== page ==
On one occasion Plunkett put on “Ten Nights in a Bar-room.” Dave Clark, Al Lawrence, Mayor Wood and Doc Pomeroy, the leaders of Waverly’s set of bright and mischievous young men, induced Sam Geddes, Dow Hinton and Joe Chandler to go and see the play. They were told it was one of great merit and high morals. They attended, chaperoned by a bunch of these teasers. At every point of striking interest they rubbed it in on Sam, Dow and Joe. When it was ended the three were nearly paralyzed as they straggled down town to Frank Kimm’s place, they commented on the scenes. When they reached Frank’s bar, they agreed that three rounds should be the limit, and after that a drought would set in, for danger lurked in the glass. At the close of the three rounds they shook hands and passed out into the darkness to go home. Dow and Joe lived up on the hill near the court house, and Sam down town in front of the mill. After they separated Sam concluded he would go back and see if Dow and Joe were in earnest about a drought. When he entered Frank’s place he found the boys lined up telling Frank they had no confidence in Sam’s promise to cut out all hard drinks, while Frank in his French-English, was telling them he was expecting Sam every minute, and for them not to hasten away, for Sam was certain to appear soon. While they lingered the door opened and Sam appeared. He expressed great astonishment that they were not in home and in bed. They in turn told him they had doubts about his sincerity and concluded they would not retire until they were satisfied he meant what he said when the covenant was made. Same assured them he was in dead earnest, and only because of a raging toothache was he there; he had dropped around to get some of Frank’s “Toothache Elixir,” which was a sure cure. At this Dow, the spokesman, replied, “We believe you, and we know Frank’s stuff never fails to cure the toothache, blues, rheumatism or anything else, except lying; set ‘em up, Frank.” After three more rounds they separated, the pledge renewed for a drought. Sam said afterward that he kept the pledge two days, but when he found that Dow and Joe stood out only one day he decided he would call the compact off.
This brings me back to the court house, for I am bound to say it has served its day, has done splendid service, is honored and loved for what it has been, but in the light of the progress of the times, the wealth of Bremer county, and the necessities of the hour, it is a disgrace to the county, a shame to its people, and some of these days will burn up or tumble down, and thus destroy records and archives worth more to the taxpayers than the cost of an up-to-date building. If I were running the Democrat, I would keep up such a racket and give so many sound reasons why a new court house should be built that something would be doing, if nothing more than railroading me out of the county. I know that the people of Bremer county are as proud and progressive as are the people in any other county, and have more wealth than the average county.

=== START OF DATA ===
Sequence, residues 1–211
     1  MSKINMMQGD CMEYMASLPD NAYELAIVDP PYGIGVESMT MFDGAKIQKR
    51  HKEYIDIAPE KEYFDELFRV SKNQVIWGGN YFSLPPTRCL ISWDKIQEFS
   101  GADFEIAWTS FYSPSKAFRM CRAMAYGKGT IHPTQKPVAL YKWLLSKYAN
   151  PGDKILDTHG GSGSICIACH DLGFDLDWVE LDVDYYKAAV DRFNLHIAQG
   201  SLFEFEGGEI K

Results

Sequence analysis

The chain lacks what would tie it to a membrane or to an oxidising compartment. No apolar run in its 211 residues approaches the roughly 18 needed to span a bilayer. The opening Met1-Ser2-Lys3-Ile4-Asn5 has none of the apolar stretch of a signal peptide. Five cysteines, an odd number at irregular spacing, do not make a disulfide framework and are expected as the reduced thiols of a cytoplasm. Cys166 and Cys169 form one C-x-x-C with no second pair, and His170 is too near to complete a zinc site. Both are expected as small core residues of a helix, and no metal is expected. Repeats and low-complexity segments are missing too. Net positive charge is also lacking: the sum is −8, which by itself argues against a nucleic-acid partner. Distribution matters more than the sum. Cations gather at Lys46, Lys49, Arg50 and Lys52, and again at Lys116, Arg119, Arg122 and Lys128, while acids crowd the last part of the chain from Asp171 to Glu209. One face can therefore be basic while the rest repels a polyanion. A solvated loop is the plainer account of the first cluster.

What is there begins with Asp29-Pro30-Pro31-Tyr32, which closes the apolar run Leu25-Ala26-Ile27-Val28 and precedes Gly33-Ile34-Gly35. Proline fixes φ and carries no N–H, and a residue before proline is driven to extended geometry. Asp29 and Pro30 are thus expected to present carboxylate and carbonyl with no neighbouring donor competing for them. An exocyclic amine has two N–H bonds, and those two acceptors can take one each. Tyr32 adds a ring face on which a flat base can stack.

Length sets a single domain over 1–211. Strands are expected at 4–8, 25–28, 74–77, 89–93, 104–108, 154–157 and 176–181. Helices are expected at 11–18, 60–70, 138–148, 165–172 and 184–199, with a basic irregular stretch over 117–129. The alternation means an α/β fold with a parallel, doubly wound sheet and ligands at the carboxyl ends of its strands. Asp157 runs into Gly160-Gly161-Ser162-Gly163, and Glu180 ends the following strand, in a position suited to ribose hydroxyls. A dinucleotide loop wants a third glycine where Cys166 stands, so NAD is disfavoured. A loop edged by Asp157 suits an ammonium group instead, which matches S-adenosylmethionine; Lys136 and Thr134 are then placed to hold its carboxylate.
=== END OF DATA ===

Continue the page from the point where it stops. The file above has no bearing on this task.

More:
Another thing the people of Bremer county should do that would honor them and be a just tribute to the memory of her first citizens and a pioneer honored in many ways; and that is to erect a monument on the public square in memory of Lieut. Edward Tyrell, who fell on the awful 22nd day of May on the breastworks at Vicksburg, while leading old Company G, 9th Iowa, to reach the rebel flag inside the works. He is the only officer from Bremer county killed during the civil war. He was a model citizen of the county and a hero whose blood moistened the soil of his adopted country . He left a family who honor his name and the county. As a mark of patriotic devotion to country and respect for one of its foremost citizens, Bremer county can do no less than build a soldier’s monument in the square, with Edward Tyrell’s name chiseled in the granite, and below it put the name of Johnny Karker, from the same company, who fell at Pea Ridge in March, 1862. He was the first soldier from Bremer county who was killed in the battle. Johnny was a poor obscure boy, but a patriot who died under the shadow of the flag that has never touched the ground. Unknown in life, honored and loved in his unknown grave, it would be patriotic and typical of Bremer county to preserve the name of the first man from its borders who was killed in the war for freedom of a race.
I hope your readers will not think I am meddling or “butting in” among their affairs, for I am not. If my home were in the county I would have much more to say about a monument in the court house square. Nearly half of the counties of the state, or perhaps more than half, have creditable monuments to their soldiers of 1861-65.
Last updated 10/12/13